I first started smoking probably just on a night out. Suddenly you're sober and you're just addicted to it. As I got older, you wake up, you feel absolutely awful. Sick from it. Got a headache. Really hoarse, tired, really fast. Before you know it, you have another cigarette. I was putting my life at risk. You're sort of, essentially playing Russian roulette. Who am I to say that I'll make it to 40, let alone 70 or 80? It wasn't until I got in contact with a stop smoking counsellor that I quit. I actually studied performing arts, and I always used cigarettes as a distraction from my nerves. Quitting has given me a power because I know that I have that control. If I can give cigarettes up, I can pretty much do anything that I want to do, really. I think a lot of the times, addictions come from certain places, and most people don't realise that. I had a lot of anxiety and depression, and I used to go to counselling, and they advised just take a class up in anything, and it'll build your confidence and your self esteem. And I'd always wanted to try burlesque. I felt amazing, because it's quite vulnerable, burlesque, you are taking off your clothes in front of an audience. You just create whatever you want to create, and that's what I love about performing. It allows me to do just whatever I want to do. I smoked the most leading up to a show. You're really nervous, you go outside, you have a cigarette, and then that cigarette is done, you have another cigarette, and you're just trying to count down the time. I had tried before to quit smoking cigarettes. So I used nicotine patches, a little inhaler thing. There were times where I probably just tried to go cold turkey, like, overly confident. You start to struggle and then slowly I just introduced smoking again, and it was like I'd never really tried to quit. I think what stopped me was that I wasn't ready to quit cigarettes. I started to realise life isn't a sort of plain sailing. I thought: "What if I do get pregnant?" and I find it really hard to stop smoking and I'm smoking during my pregnancy. What if this stops me from being able to actually get pregnant? That really freaked me out. So I actually called a quit smoking phone-line, that I found through the NHS. It was really, really, really, simple. Within a day, I had an appointment. Being able to speak to someone was really really helpful. So I've often had phone calls if I can't come in. Check in and just feel like you've still got that connection. This was not only like a health care professional, but a stranger and someone that you wanted to make proud in a way as well as myself. One of the first things they did was take a CO2 reading. It's like a breathalyser machine. Hold your breath for 15 seconds, and then at the end you get a reading, and that shows how much CO2 is in your system. My reading was like 21. If a building got that rating, they'd have to like, essentially evacuate the building. Like, it wouldn't be a safe reading. You start your counselling essentially before you've quit, and you choose a quit date together with the counsellor. I quit smoking cigarettes on Christmas Eve. And I had some of my biggest shows coming up, and I'm gonna have to do without cigarettes, and it was like: "Wow I've not thought this out at all." Weirdly doing costumes was something that also taught me that things aren't always easy and you're not always going to get it straight away. If there ever was a day that maybe I gave in, and I had that cigarette, that didn't mean that I'd absolutely failed. I still had a chance to give it another go. My counsellor sends me like, little certificates, so that's nice as well, getting like a little certificate, that's like, you've not smoked for this long, and I'm like: "We'll pop that on the fridge." Quitting cigarettes feels amazing. Also felt good because I knew I didn't have to go through the difficult journey of quitting smoking whilst being pregnant, because pregnancy is a really emotional time, like it's really really difficult. I should imagine that smoking would have been something that I would have really wanted to do, if I was still smoking whilst I found out. I viewed not being able to stop, as me being a weak person. When people feel like they can't, or tell me that they don't think they can stop, I'm like: "Yes you can. Stick in there." If you've tried before, and it's not worked, keep going, because it will happen.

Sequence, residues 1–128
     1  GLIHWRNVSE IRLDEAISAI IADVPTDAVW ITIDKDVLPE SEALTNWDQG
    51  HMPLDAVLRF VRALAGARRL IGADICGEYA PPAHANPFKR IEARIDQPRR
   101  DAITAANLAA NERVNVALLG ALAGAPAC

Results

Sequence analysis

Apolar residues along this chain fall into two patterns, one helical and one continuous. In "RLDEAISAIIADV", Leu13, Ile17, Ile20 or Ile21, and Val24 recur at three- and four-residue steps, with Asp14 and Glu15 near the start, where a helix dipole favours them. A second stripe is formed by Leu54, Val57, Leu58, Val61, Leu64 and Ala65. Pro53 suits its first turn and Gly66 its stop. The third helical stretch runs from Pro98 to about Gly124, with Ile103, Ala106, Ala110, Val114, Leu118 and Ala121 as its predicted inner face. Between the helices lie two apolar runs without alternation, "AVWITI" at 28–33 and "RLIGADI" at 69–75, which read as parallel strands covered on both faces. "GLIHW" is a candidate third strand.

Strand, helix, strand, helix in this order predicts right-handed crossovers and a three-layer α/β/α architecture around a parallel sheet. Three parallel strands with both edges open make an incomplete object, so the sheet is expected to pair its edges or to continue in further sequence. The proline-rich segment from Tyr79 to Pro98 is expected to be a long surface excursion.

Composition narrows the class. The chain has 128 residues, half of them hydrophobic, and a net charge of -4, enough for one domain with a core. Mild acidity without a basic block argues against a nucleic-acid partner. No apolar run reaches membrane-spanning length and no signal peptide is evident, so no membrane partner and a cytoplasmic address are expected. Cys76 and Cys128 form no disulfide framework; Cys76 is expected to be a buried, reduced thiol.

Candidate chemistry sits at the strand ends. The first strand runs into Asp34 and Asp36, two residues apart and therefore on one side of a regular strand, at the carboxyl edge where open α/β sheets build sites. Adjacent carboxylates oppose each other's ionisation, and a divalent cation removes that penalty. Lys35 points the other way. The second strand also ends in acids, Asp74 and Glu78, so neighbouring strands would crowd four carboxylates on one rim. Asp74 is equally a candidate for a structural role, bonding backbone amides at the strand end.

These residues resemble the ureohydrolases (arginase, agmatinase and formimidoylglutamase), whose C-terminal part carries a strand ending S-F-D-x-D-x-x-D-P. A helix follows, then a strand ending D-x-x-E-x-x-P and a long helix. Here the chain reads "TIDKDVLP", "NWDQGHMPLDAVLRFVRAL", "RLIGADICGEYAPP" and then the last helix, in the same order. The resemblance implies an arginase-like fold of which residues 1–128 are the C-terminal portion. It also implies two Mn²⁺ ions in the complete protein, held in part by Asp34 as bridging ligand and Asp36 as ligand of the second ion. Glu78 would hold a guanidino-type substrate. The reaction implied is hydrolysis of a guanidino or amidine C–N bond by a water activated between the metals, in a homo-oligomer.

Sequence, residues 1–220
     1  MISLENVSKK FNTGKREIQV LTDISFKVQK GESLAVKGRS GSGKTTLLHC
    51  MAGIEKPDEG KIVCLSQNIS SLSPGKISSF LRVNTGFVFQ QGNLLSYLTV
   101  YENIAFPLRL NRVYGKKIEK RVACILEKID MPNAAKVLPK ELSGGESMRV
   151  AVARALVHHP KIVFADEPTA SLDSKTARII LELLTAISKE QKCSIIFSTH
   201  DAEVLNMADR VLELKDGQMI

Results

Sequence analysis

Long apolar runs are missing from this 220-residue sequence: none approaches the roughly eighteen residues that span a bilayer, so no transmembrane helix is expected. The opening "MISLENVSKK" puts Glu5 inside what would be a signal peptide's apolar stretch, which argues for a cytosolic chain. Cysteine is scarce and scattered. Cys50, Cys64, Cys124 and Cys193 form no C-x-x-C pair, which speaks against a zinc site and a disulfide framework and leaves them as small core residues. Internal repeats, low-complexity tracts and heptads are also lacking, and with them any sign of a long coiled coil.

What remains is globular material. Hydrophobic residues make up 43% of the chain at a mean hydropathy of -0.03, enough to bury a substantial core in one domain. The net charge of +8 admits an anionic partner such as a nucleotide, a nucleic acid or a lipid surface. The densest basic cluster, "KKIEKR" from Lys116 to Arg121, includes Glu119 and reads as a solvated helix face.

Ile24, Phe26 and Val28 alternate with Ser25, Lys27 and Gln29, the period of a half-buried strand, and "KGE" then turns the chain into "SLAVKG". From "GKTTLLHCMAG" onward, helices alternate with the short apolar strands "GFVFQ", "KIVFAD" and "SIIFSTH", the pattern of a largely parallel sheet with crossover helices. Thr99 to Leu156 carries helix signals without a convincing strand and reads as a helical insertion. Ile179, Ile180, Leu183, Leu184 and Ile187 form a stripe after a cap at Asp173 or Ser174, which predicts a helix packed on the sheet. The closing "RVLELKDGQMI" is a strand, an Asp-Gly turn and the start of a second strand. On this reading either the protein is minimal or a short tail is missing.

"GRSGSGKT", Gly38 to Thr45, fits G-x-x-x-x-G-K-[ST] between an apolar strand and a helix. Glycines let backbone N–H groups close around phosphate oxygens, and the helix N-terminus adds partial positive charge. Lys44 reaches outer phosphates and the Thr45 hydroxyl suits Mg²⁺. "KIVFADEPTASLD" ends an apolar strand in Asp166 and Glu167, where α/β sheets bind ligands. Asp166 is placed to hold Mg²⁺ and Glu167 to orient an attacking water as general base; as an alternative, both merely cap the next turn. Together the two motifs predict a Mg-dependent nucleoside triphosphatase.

How I Quit: Burlesquer Cece's NHS Helpline Success

This is a sample from our ‘Quit Cigarettes’ mission, which is currently live in the UK. Our goal is to increase the amount of people in the UK who quit cigarettes. Read more about our first mission here.

Performer Cece always used cigarettes as a distraction from her nerves, but she decided to take back control and quit the cigs, with the help of an NHS Quit Smoking Helpline. Watch her quitting smoking journey.